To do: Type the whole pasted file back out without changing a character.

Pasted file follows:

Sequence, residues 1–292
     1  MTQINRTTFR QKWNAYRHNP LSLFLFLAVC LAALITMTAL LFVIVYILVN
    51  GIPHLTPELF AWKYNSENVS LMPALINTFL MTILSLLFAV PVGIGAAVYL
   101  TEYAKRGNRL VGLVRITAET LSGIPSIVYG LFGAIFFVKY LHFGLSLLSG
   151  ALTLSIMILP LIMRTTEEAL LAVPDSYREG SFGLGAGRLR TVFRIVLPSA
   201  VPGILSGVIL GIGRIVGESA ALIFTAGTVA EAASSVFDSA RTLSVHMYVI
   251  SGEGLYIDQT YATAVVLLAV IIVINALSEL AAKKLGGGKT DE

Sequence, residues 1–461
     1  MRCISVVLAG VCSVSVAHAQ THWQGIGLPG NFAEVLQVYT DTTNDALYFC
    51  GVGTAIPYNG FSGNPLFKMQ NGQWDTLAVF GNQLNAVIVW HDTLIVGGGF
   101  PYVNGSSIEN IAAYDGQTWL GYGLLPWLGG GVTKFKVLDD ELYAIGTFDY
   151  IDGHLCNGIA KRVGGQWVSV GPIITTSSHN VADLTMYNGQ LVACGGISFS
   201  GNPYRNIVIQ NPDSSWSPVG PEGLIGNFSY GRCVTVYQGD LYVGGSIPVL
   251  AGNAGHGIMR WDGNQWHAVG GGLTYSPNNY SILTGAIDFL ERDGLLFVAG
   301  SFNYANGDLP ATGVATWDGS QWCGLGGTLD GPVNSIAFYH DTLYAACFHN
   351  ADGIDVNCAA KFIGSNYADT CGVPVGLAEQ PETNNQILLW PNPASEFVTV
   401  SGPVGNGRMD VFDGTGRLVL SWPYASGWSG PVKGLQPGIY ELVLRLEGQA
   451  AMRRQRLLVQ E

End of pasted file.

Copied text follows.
Sequence, residues 1–292
     1  MTQINRTTFR QKWNAYRHNP LSLFLFLAVC LAALITMTAL LFVIVYILVN
    51  GIPHLTPELF AWKYNSENVS LMPALINTFL MTILSLLFAV PVGIGAAVYL
   101  TEYAKRGNRL VGLVRITAET LSGIPSIVYG LFGAIFFVKY LHFGLSLLSG
   151  ALTLSIMILP LIMRTTEEAL LAVPDSYREG SFGLGAGRLR TVFRIVLPSA
   201  VPGILSGVIL GIGRIVGESA ALIFTAGTVA EAASSVFDSA RTLSVHMYVI
   251  SGEGLYIDQT YATAVVLLAV IIVINALSEL AAKKLGGGKT DE

Sequence, residues 1–461
     1  MRCISVVLAG VCSVSVAHAQ THWQGIGLPG NFAEVLQVYT DTTNDALYFC
    51  GVGTAIPYNG FSGNPLFKMQ NGQWDTLAVF GNQLNAVIVW HDTLIVGGGF
   101  PYVNGSSIEN IAAYDGQTWL GYGLLPWLGG GVTKFKVLDD ELYAIGTFDY
   151  IDGHLCNGIA KRVGGQWVSV GPIITTSSHN VADLTMYNGQ LVACGGISFS
   201  GNPYRNIVIQ NPDSSWSPVG PEGLIGNFSY GRCVTVYQGD LYVGGSIPVL
   251  AGNAGHGIMR WDGNQWHAVG GGLTYSPNNY SILTGAIDFL ERDGLLFVAG
   301  SFNYANGDLP ATGVATWDGS QWCGLGGTLD GPVNSIAFYH DTLYAACFHN
   351  ADGIDVNCAA KFIGSNYADT CGVPVGLAEQ PETNNQILLW PNPASEFVTV
   401  SGPVGNGRMD VFDGTGRLVL SWPYASGWSG PVKGLQPGIY ELVLRLEGQA
   451  AMRRQRLLVQ E